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Clientside filtering and sorting xml with javascript: Work in IEbut not Firefox

P: n/a

I would like to use an XSL/HTML template to sort XML data dynamically on
the client side.

As it is, I found a tutorial showing how to do this on the following
site ...

http://www.bayes.co.uk/xml/portal.as...ing/filter.xml

I experimented with the examples and found that they would run fine on a
local PC (without installing a web-server). That is just what I need!

However, when I tried to run the same thing with FireFox (under Linux),
I got the following message ...

You will need to have the latest version of MSXML installed in "replace"
*NOT* "side-by-side" mode to view the tutorial. Or IE6+.

This message (and references to 'ActiveX' and 'MSXML' in the javascript
below) shows me that the code I had found is very MicroSoft specific.
Arrgghh!

This combination of JavaScript and XML/XSL/HTML (with client-side
processing) would be perfect for my needs so what I really like to know
is whether there are ways of handling the XML/XSL without dependence on
a Microsoft platform?

I have enclosed an excerpt of the script (below) and hope that someone
out there can help me get this working without needing Bill Gates help.

Regards and thanks,
Alan Searle

Script excerpt:

<script language="javascript" type="text/javascript">

function sort(column){
try{
var s = new ActiveXObject("MSXML2.FreeThreadedDOMDocument");
var x = document.XMLDocument;
if (x == null){
x = navigator.XMLDocument;
s.loadXML(navigator.XSLDocument.xml);
}else{
s.loadXML(document.XSLDocument.xml);
}
var tem = new ActiveXObject("MSXML2.XSLTemplate");
tem.stylesheet = s;
var proc = tem.createProcessor();
proc.addParameter("column", column);
proc.input = x;
proc.transform();
var str = proc.output;

var newDoc = document.open("text/html");
newDoc.write(str);
navigator.XMLDocument = x;
navigator.XSLDocument = s;
newDoc.close();
}catch(exception){
}
}
</script>
Nov 23 '05 #1
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2 Replies


P: n/a


Alan Searle wrote:

This combination of JavaScript and XML/XSL/HTML (with client-side
processing) would be perfect for my needs so what I really like to know
is whether there are ways of handling the XML/XSL without dependence on
a Microsoft platform?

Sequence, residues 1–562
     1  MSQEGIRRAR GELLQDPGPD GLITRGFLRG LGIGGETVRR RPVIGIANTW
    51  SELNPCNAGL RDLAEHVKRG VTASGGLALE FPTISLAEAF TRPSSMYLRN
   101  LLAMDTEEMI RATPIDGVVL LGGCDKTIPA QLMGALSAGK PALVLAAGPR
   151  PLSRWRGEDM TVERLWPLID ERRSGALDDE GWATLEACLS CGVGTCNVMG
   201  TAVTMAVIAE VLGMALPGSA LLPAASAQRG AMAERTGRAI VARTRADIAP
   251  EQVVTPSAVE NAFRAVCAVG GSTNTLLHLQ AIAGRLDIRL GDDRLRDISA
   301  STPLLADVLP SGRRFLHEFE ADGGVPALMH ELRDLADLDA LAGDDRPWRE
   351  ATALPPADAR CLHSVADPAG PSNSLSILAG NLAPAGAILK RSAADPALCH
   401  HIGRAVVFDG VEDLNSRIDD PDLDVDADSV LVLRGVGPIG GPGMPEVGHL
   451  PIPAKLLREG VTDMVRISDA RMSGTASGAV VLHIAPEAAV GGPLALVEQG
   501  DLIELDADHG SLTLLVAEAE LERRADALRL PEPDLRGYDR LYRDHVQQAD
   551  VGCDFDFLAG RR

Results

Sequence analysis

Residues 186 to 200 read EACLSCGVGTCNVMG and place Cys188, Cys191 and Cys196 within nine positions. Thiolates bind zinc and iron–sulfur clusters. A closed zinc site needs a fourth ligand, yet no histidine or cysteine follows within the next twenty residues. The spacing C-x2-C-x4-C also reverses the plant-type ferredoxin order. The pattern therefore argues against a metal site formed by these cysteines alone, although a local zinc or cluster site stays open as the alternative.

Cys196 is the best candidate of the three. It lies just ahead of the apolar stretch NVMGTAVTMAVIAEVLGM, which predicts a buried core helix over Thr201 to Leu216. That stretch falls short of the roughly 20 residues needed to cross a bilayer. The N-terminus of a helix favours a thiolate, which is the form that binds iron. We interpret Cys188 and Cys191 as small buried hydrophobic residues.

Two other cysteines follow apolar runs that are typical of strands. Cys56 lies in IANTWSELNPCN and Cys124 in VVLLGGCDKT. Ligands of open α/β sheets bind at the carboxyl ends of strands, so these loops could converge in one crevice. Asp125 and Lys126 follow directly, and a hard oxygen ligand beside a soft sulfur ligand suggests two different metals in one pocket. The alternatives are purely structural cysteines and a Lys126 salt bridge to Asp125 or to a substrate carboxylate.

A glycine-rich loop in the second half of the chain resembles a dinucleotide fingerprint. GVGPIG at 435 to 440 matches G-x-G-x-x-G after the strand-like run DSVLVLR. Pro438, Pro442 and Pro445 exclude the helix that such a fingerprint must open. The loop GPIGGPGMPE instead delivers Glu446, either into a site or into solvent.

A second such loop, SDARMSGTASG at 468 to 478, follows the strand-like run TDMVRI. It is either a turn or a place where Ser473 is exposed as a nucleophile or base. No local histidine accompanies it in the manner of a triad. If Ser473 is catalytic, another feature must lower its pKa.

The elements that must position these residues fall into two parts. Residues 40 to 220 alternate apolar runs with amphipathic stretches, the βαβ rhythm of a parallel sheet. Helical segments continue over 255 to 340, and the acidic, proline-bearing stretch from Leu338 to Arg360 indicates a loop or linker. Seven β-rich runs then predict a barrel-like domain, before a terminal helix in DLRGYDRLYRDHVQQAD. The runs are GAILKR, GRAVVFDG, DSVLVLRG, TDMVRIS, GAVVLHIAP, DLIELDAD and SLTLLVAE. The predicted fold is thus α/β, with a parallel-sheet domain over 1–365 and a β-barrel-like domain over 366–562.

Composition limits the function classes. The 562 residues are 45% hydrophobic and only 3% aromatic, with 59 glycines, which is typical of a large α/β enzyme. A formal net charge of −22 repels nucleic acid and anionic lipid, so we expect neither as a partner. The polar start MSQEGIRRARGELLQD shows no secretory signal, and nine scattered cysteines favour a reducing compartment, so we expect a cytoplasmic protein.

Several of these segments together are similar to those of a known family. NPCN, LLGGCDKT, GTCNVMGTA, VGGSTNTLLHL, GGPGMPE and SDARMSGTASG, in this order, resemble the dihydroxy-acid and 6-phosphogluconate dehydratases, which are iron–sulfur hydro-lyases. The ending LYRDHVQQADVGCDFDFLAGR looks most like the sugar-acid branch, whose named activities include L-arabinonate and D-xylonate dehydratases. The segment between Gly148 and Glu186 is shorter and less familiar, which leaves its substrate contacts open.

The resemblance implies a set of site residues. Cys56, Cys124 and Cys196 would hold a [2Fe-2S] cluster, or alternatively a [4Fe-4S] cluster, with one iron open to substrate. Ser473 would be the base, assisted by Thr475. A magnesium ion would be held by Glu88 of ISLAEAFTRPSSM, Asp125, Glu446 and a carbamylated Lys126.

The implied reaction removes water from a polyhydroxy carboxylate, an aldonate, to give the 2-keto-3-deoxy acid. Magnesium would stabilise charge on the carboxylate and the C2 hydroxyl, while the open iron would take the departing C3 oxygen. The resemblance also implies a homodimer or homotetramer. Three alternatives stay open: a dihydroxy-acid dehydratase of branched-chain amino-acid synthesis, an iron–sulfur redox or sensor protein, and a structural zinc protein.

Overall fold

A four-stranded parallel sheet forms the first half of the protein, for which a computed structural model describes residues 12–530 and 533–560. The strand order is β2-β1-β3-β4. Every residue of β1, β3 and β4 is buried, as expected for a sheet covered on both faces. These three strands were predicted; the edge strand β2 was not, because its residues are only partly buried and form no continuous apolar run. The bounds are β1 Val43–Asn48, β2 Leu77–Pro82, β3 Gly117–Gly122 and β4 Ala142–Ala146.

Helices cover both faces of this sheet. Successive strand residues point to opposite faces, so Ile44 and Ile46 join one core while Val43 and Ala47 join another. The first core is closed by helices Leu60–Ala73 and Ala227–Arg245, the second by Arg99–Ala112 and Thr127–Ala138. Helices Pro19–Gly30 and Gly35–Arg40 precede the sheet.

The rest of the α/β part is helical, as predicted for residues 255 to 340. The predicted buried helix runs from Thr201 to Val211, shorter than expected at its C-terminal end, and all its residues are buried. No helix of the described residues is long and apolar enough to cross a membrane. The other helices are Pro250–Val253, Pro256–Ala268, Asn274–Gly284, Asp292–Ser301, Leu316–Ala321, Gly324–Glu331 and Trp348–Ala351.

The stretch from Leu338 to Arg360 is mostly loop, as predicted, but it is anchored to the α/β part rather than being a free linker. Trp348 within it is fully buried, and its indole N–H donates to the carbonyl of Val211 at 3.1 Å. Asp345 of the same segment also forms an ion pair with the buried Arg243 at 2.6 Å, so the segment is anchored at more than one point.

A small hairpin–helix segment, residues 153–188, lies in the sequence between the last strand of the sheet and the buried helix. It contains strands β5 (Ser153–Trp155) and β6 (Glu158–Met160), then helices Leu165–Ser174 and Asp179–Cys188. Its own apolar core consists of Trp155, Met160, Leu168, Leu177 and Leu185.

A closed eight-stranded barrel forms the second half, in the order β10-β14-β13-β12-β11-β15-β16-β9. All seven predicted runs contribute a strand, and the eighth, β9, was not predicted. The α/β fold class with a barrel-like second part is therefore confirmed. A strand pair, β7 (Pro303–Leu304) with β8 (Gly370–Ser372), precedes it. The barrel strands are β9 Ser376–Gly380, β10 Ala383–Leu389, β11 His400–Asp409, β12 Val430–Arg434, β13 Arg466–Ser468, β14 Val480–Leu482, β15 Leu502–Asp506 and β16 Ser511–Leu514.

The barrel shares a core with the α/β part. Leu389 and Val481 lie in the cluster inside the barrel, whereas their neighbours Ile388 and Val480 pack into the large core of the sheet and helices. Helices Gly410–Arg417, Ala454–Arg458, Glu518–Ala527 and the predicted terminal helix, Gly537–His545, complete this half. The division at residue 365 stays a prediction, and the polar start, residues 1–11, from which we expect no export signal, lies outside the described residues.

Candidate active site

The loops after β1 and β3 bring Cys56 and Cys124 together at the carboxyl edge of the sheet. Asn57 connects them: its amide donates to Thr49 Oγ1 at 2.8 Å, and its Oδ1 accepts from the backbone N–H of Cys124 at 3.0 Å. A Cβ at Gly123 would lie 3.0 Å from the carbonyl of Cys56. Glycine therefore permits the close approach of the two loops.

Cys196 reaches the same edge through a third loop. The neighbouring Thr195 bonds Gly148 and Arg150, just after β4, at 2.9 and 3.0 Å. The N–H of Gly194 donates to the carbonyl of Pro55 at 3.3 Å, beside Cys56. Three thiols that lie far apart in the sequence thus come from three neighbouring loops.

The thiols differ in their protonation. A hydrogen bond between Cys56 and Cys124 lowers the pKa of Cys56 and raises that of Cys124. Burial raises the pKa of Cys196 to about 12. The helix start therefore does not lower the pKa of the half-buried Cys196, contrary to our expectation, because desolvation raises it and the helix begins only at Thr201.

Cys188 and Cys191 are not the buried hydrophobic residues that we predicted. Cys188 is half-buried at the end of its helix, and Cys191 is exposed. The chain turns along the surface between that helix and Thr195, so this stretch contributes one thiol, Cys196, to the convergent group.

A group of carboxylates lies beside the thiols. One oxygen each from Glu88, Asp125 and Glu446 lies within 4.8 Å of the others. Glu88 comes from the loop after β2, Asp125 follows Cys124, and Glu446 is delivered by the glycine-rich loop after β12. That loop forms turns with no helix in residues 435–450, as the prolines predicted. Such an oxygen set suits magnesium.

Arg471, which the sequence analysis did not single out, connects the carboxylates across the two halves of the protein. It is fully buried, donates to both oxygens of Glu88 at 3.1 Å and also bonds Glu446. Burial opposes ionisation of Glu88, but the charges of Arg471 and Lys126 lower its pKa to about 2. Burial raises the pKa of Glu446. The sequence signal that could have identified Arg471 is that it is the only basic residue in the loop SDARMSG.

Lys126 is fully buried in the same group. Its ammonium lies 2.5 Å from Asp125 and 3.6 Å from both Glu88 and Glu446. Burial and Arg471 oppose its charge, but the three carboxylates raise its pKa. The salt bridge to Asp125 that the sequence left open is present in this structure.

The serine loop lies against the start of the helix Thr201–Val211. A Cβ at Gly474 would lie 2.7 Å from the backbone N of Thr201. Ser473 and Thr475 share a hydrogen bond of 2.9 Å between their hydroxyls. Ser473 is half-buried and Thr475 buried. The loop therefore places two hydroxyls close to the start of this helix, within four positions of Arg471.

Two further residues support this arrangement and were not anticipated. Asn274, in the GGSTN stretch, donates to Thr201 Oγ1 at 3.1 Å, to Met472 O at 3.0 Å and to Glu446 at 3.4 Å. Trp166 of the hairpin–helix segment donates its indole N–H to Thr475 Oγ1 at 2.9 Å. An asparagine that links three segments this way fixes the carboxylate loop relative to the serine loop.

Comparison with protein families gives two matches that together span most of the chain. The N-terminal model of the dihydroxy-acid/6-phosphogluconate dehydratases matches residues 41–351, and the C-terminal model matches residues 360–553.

Mozilla has client-side XSLT support since 1.0 and a frozen API to
script XSLT since 1.2 I think, see here for details:
<http://www.mozilla.org/projects/xslt/>
<http://www.mozilla.org/projects/xslt/js-interface.html>
Safari has client-side XSLT support by now I think based on libxml but I
am not aware on any API exposed to script.
The Opera 9 preview released some weeks ago has client-side XSLT support
based on Opera's own implementation of XSLT but tries to expose the same
API Mozilla exposes:
<http://snapshot.opera.com/windows/w90p1.html>
<http://snapshot.opera.com/unix/u90p1.html>
s.loadXML(document.XSLDocument.xml);


Mozilla does not expose XSLDocument if you let the browser do a
transformation thus if you want to use XSLT and script in Mozilla it is
usually better and easier to start with a HTML document with script that
loads XML and stylesheet as needed and performs the transformation.

The whole IE approach with transforming to a string and inserting that
into an HTML document (or even replacing the complete HTML document) is
caused by the separate DOM implementations of HTML DOM by MSHTML and XML
DOM by MSXML. In Mozilla you can easily transform to a result fragment
with DOM nodes which can directly by inserted into the existing document.

However if you want to use client-side XSLT and script then in both IE
and Mozilla you face the issue to decide how to combine the rather
different APIs and their preferred (DOM result in Mozilla, string result
in IE) but incompatible use.

Currently if the aim is client-side sorting and filtering for a web
application then XSLT might not be the best option to reach a cross
browser compatible solution, you could rather set up appropriate
JavaScript data structures/objects and manipulate the HTML DOM only.

--

Martin Honnen
http://JavaScript.FAQTs.com/
Nov 23 '05 #2

P: n/a
Hi Martin,

Thanks for your tips and clarification.
Currently if the aim is client-side sorting and filtering for a web
application then XSLT might not be the best option to reach a cross
browser compatible solution, you could rather set up appropriate
JavaScript data structures/objects and manipulate the HTML DOM only.


This sounds interesting and I will be googling on these keywords.

Indeed, if you know of any tutorials or good sources of information (on
client side processing of structured data) then I'd be interested to hear.

Regards,
Alan Searle.
Nov 23 '05 #3

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